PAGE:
Clinton Hart Merriam

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Clinton Hart Merriam
Picture of Clinton Hart Merriam.jpg
Picture of Clinton Hart Merriam, by Frances Benjamin Johnston
Born (1855-12-05)December 5, 1855
New York City
Died March 19, 1942(1942-03-19) (aged 86)
Berkeley, California
Nationality USA
Fields Zoology
Ornithology
Ethnography
Institutions United States Department of Agriculture
National Geographic Society
Known for Life zone concept
Author abbrev. (botany) Merriam

Clinton Hart Merriam (December 5, 1855 – March 19, 1942) was an American zoologist, ornithologist, entomologist, ethnographer, and naturalist.

Life and career[edit]

Known as "Hart" to his friends, Merriam was born in New York City in 1855. His father, Clinton Levi Merriam, was a U.S. congressman.

Merriam studied biology and anatomy at Yale University and obtained an M.D. from the School of Physicians and Surgeons at Columbia University in 1879. He taught for a while at Harvard University.

Merriam died in Berkeley, California in 1942.

His sister Florence Augusta Merriam Bailey was a pioneering ornithologist who introduced popular field guides for bird identification. She married Vernon Bailey a field naturalist and long-time collecting partner of C. Hart Merriam's. His grandson Lee Merriam Talbot (born 1930) was a geographer and ecologist who was among the IUCN team which rediscovered the Persian Fallow Deer in 1957, and secretary general of the IUCN from 1980 to 1983.

Zoology[edit]

In 1886, he became the first chief of the Division of Economic Ornithology and Mammalogy of the United States Department of Agriculture, predecessor to the National Wildlife Research Center and the United States Fish and Wildlife Service. In 1883, he was a founding member of the American Ornithologists' Union.[1] He was one of the original founders of the National Geographic Society in 1888. He developed the concept of "life zones" to classify biomes found in North America along an altitudinal sequence corresponding to the zonal latitudinal sequence from Equator to Pole. In mammalogy, he is known as an excessive splitter, proposing, for example, tens of different species of North American brown bears in several genera.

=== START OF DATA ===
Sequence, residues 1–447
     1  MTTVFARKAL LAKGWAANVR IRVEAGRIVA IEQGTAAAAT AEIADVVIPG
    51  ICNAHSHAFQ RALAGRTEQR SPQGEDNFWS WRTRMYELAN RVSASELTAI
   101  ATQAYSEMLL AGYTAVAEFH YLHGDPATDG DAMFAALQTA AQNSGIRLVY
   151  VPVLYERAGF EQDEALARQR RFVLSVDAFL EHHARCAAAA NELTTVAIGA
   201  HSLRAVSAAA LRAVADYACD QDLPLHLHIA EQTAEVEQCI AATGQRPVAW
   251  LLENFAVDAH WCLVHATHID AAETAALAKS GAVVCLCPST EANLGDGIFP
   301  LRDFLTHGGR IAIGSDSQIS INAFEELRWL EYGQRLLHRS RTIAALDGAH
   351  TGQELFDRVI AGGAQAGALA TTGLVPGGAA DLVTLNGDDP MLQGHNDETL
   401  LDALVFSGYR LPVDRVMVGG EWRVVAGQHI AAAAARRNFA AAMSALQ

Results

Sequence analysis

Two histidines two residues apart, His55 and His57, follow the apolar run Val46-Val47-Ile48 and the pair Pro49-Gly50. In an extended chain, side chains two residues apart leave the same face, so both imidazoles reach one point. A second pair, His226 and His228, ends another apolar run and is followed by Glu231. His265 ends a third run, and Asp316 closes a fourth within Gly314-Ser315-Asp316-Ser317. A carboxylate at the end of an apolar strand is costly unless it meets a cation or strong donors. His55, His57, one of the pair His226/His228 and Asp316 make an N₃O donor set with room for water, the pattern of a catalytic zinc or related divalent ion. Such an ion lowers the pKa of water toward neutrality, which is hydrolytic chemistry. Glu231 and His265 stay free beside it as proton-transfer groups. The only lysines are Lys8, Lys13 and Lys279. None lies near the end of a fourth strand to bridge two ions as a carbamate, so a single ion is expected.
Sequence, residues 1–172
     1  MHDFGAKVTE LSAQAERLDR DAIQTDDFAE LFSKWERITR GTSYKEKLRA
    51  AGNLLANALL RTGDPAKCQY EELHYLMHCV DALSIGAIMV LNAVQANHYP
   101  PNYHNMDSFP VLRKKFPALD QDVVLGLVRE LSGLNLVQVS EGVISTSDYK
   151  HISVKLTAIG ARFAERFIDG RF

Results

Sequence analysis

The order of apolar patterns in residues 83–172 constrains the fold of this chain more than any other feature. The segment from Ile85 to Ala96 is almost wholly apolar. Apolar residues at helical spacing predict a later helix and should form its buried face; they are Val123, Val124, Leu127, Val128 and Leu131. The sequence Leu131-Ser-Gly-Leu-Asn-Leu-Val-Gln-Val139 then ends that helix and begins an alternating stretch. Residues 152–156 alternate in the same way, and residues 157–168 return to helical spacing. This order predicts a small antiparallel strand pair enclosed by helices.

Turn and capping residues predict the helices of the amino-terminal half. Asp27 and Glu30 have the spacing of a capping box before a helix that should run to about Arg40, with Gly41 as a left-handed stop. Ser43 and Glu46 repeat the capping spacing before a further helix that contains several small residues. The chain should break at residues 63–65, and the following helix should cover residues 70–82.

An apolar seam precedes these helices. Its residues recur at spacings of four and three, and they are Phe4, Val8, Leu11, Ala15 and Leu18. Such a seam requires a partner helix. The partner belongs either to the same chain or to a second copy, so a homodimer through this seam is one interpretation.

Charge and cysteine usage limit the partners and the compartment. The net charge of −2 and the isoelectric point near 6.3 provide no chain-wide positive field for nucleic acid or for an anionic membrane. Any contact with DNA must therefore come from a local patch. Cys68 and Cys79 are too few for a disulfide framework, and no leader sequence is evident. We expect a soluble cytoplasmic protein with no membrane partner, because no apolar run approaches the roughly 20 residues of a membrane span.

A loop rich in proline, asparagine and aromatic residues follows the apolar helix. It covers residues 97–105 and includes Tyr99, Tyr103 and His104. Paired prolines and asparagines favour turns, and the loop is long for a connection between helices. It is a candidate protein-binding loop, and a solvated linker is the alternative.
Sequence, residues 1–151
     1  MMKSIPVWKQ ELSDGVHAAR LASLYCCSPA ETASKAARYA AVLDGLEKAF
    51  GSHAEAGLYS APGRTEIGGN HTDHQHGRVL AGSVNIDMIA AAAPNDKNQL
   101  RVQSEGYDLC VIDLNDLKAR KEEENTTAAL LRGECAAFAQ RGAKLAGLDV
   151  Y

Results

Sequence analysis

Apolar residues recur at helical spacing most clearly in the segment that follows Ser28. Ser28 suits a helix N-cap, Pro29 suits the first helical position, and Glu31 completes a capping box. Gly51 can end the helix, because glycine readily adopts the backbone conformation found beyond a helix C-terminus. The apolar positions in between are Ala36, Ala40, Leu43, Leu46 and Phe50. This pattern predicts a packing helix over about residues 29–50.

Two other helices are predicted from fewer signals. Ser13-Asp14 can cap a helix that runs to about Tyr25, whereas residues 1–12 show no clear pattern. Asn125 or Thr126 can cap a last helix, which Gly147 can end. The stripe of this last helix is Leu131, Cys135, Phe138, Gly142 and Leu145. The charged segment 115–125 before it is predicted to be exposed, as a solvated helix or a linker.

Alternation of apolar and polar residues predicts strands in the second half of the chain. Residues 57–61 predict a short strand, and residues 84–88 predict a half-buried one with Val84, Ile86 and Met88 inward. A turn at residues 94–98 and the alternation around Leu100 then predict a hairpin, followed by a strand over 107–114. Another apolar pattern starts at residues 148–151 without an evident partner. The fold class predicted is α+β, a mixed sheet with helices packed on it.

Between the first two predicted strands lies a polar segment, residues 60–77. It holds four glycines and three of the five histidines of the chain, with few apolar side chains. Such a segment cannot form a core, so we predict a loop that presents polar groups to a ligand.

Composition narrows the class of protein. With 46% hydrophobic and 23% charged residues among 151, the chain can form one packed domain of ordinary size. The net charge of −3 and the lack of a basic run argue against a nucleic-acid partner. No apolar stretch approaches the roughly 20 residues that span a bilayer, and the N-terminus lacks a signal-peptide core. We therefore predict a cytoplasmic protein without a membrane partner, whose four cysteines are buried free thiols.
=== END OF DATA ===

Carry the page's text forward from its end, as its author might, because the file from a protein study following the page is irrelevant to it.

In 1899, he helped railroad magnate E. H. Harriman to organize an exploratory voyage along the Alaska coastline.

Some species of animals that bear his name are Merriam's Wild Turkey Meliagris gallopavo meriami, the now extinct Merriam's Elk Cervus elaphus merriami, Merriam's Pocket Mouse and Merriam's Chipmunk Tamias merriami. Much of his detail-oriented taxonomy continues to be influential within mammalogical and ornithological circles.[citation needed]

Native Americans[edit]

Later in life, funded by the Harriman family, Merriam's focus shifted to studying and assisting the Native American tribes in the western United States. His contributions on the myths of central California and on ethnogeography were particularly noteworthy.

See also[edit]

References[edit]

  1. ^ The American Ornithologists' Union, Bulletin of the Nuttall Ornithological Club VIII (4), October 1883: under cover 
  2. ^ "Author Query for 'Merriam'". International Plant Names Index. 
  • Bean, Lowell John. 1993. "Introduction". In The Dawn of the World: Myths and Tales of the Miwok Indians of California, by C. Hart Merriam, pp. 1–12. University of Nebraska Press, Lincoln.
  • Kroeber, A. L. 1955. "C. Hart Merriam as Anthropologist". In Studies of California Indians, by C. Hart Merriam, pp. vii–xiv. University of California Press, Berkeley.
  • Sterling, Keir B. 1974. The Last of the Naturalists: The Career of C. Hart Merriam. Arno Press, New York.
  • Anon. 1942 [Merriam, C. H.] Ent. News 53:150
  • Anon. 1942 [Merriam, C. H.] Science 95: 318
  • Daubunnire, R. F. 1938: [Merriam, C. H.]. Quart. Rev. Biol. 13:327–332

External links[edit]